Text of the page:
It will cost $540 million to transform Greater Wellington Regional Council into a carbon positive organisation.
It's been just over a year since the council declared a climate and ecological emergency; pledged to become carbon neutral by 2030; and carbon positive by 2035.
'Carbon positive' means as an organisation, and the land they own, they absorb more carbon than they emit.
Currently, the council, which manages public transport and parks, is one of the biggest carbon culprits, responsible for about 1 percent of the region's total emissions.
In a meeting this morning, the climate committee approved a plan which would see them dramatically flip their carbon footprint.
It would see $160m spent on electrifying the entire region's bus fleet; $346m on decarbonising the railways; and $34.8m on ending grazing on regional parks.
"To become climate positive by 2035, which is what we've said we want to do," said chair of the climate committee, Thomas Nash, "we need to be at the maximum scenario on all three of those levers: on our bus fleet, on our rail fleet, and at our parks."
However, some of the council's organisations, such as Centreport and Wellington Water, are not included in the modelling.
The pathway will now be put forward as an option on the council's Long Term Plan, and be subject to consultation.
If it is to become a reality, Nash said there would have to be a significant step up in funding.
"I would say that the number of priorities that are mounting up on regional councils - around biodiversity, around freshwater, around climate action - it is intimidating to think about, and we're going to need a significant step-up in funding from central government to meet these new legislative and regulatory requirements.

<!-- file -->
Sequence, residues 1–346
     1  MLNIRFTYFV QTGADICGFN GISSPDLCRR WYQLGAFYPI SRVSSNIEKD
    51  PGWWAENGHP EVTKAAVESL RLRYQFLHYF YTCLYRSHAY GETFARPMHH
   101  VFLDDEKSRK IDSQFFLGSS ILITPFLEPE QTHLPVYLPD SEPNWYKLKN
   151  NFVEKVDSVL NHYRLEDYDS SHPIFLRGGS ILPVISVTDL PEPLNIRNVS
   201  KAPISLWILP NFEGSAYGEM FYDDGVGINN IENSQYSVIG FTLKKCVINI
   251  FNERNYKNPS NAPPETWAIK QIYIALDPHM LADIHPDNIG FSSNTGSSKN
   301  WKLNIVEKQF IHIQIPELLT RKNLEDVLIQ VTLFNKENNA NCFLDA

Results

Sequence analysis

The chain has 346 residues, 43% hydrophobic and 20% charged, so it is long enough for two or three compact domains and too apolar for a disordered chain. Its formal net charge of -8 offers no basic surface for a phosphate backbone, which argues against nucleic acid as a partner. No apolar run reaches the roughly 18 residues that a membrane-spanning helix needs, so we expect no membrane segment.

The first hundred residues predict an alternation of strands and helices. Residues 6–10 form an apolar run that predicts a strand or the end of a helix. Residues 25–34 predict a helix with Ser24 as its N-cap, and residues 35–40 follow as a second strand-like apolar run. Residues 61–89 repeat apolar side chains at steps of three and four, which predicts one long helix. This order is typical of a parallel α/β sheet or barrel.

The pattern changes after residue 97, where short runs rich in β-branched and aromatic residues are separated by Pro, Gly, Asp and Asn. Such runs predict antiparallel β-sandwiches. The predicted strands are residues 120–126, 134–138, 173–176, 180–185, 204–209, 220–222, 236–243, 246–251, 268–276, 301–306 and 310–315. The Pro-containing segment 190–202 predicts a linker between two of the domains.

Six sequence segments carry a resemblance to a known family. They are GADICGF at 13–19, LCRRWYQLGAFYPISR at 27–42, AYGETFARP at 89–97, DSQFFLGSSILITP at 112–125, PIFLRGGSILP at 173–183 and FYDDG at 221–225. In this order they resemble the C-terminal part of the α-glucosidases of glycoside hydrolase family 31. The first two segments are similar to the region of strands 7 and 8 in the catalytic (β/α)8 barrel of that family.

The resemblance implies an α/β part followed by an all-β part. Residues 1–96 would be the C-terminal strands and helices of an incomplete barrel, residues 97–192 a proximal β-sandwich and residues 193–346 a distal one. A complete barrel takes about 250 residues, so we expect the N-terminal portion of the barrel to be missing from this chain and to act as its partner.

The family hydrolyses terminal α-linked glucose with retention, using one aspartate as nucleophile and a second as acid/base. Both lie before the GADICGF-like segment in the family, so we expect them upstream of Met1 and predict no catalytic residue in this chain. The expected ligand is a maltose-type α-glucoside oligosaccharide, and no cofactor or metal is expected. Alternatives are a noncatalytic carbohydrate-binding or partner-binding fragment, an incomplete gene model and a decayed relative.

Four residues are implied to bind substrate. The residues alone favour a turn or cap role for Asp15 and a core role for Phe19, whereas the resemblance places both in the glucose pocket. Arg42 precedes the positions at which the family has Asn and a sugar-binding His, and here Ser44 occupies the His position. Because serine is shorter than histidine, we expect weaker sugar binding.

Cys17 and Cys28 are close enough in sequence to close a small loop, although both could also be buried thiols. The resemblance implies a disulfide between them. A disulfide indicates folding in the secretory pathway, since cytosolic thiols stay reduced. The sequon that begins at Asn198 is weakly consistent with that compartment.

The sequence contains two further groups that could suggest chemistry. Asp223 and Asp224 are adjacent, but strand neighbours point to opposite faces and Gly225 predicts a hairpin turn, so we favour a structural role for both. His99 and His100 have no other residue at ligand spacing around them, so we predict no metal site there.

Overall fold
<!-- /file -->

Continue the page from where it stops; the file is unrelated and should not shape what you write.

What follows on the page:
"We agree with the government [these] are very important, but [they] are going to need significant resourcing from central government as well.
"We feel very encouraged we've got a pathway down on paper that can get us to the point of being carbon positive as an organisation by 2035."
Funding for restoring parks also agreed
At the meeting, the council also approved just under $1.8m as part of their Low Carbon Acceleration Fund.
Of that, $1.4m will be spent restoring 128.5 hectares of peatland and dune forest at Queen Elizabeth Park (QEP), while a further $370,000 will restore 21 hectares of pasture land at Kaitoke Regional Park.
The projects will commence next month, providing ratification by council.
It will build on existing work done at QEP by Kāpiti locals Chris and Sam Maclean who, through the Maclean Trust, have already transformed 25 hectares of the park into duneland forest and wetland.
"We strongly support Greater Wellington's further investment in wetland and dune forest restoration," said Chris Maclean.
"The climate and ecological gains are there to be made as grazing is phased out and replaced by a more environmentally enlightened approach to the restoration of QEP and the region's other parks. We hope there will be more investment to come in a strategy that can only benefit the region."
Climate committee chair Thomas Nash said it would be one of the largest wetland enhancement projects undertaken in New Zealand.